Yes Man (2008, Directed by Peyton Reed) English 5

Starring Jim Carrey, Zooey Deschanel, Bradley Cooper, Rhys Darby, Danny Masterson, Terence Stamp, John Michael Higgins

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(5-Okay Film)

Inconsistent. Broad. Amusing.

Carl Allen (Carrey) is in a deep funk. Ever since his wife left him, he’s given up on all relationships. Surprised by an old colleague (Michael Higgins), Carl, uncharacteristically, accepts an invitation to a motivational seminar, led by guru Terrence Bundley (Stamp), who extols the power of saying yes. Perhaps going too far, Carl begins saying yes to everything, which leads him to meeting the free-spirited Allison (Deschanel). A good vehicle for Carrey with some clever moments, the premise is a bit too obvious, the crisis and immediate resolution too contrived. I enjoyed Yes Man. It has a few good, comedic scenes, appealing leads, but suffers from a couple of unfunny scenes and a basic plot.

-Walter Tyrone Howard-

(62)

 

Midnight in Paris (2011, Directed by Woody Allen) English 10

Starring Owen Wilson, Marion Cotillard, Rachel McAdams, Michael Sheen, Adrien Brody, Carla Bruni, Léa Seydoux, Tom Hiddleston, Corey Stoll, Kathy Bates

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(10-Masterpiece)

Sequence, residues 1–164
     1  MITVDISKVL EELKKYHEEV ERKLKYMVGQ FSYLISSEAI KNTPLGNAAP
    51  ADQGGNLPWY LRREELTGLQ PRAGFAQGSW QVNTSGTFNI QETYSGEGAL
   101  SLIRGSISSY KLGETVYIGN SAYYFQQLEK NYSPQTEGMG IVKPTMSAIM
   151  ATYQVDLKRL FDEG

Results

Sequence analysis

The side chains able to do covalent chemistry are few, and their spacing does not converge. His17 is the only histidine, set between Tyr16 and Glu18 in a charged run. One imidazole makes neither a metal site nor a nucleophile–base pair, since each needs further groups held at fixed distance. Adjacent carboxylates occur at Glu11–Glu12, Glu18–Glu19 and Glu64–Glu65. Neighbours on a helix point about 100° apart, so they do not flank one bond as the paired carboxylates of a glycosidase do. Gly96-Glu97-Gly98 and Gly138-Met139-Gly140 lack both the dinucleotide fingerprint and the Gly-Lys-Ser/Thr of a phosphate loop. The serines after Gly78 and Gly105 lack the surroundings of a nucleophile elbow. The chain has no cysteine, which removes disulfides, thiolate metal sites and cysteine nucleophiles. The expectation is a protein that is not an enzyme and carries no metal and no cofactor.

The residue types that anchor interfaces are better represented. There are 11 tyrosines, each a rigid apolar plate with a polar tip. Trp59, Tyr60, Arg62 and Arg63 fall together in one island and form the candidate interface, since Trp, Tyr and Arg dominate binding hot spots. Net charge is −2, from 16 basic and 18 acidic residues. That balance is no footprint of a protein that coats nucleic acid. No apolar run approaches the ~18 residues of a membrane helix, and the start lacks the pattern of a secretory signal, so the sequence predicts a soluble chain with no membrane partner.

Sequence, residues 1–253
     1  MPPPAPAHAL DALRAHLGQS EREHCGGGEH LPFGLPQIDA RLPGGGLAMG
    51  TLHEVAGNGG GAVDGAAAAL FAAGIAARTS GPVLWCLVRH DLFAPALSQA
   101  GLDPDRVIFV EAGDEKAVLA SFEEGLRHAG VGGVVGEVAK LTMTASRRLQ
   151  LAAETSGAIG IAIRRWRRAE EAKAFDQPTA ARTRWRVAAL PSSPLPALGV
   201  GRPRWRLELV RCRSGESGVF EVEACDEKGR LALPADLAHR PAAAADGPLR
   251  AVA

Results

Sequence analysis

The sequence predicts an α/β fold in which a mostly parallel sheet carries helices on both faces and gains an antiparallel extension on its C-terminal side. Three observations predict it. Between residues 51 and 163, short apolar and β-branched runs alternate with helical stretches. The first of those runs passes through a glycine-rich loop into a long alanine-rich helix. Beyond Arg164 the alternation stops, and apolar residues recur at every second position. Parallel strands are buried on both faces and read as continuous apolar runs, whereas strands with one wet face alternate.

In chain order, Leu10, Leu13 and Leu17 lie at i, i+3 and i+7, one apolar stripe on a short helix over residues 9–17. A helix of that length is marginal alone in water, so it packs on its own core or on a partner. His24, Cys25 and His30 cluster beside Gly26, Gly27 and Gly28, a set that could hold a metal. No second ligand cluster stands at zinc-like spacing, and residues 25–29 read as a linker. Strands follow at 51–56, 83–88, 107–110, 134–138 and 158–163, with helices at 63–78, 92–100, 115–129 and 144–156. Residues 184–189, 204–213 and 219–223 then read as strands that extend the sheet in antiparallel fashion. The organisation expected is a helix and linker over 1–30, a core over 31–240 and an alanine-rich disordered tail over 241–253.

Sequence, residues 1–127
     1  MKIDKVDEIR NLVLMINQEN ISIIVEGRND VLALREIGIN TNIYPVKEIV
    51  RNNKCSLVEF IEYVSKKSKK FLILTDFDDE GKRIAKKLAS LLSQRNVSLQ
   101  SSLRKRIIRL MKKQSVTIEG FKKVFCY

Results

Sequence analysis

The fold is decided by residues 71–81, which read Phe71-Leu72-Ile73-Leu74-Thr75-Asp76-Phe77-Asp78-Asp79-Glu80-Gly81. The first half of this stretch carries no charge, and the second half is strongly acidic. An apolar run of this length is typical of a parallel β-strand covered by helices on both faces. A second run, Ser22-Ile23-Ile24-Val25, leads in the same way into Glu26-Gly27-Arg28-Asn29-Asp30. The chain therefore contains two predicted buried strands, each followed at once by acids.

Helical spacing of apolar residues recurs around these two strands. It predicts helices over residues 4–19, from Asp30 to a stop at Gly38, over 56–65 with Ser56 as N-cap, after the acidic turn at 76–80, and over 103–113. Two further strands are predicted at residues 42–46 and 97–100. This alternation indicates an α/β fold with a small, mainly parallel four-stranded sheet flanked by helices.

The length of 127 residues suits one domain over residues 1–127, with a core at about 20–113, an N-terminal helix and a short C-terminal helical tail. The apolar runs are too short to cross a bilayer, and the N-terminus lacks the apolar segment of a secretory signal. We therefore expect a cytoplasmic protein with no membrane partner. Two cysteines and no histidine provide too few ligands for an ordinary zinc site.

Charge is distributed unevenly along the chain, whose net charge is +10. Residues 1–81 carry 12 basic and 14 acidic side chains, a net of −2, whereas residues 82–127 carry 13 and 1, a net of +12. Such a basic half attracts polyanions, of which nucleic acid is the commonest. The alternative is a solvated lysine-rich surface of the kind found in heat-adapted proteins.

Intelligent. Wonderful. Humorous.

Pure blessed fantasy from perhaps the screen’s greatest comedy writers, Midnight in Paris is one of Woody Allen’s finest. Gil Pender (Wilson) is a would-be novelist turned Hollywood hack vacationing with his self-centered girlfriend, Inez (McAdams), in Paris. Gil, a nostalgia enthusiast, loves Paris and wishes he would have stayed last time he visited, instead of going to Hollywood to write scripts. This time around he wanders into an unexplained time leap that takes him to Paris of the ’20s, where he converses with his heroes Fitzgerald (Hiddleston) and Hemingway (Stoll) among others. He also meets the beautiful mistress of one Pablo Picasso, Adriana (Cotillard), and begins to question what he really wants in life. As someone who looks at the past with rose-colored glasses at times, the film speaks to me, and it’s a source of endless fun to see how many artists and writers you can recognize passing in and out of Gil’s adventure. Lovely to look at, listen to, and imagine, Midnight in Paris is fantastic.

-Walter Tyrone Howard-

(61)

Spanglish (2004, Directed by James L. Brooks) English 8

Starring Adam Sandler, Paz Vega, Téa Leoni, Cloris Leachman, Sarah Steele, Aimee Garcia, Thomas Haden Church

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(8-Exceptional Film)

Messy. Stirring. Vivid.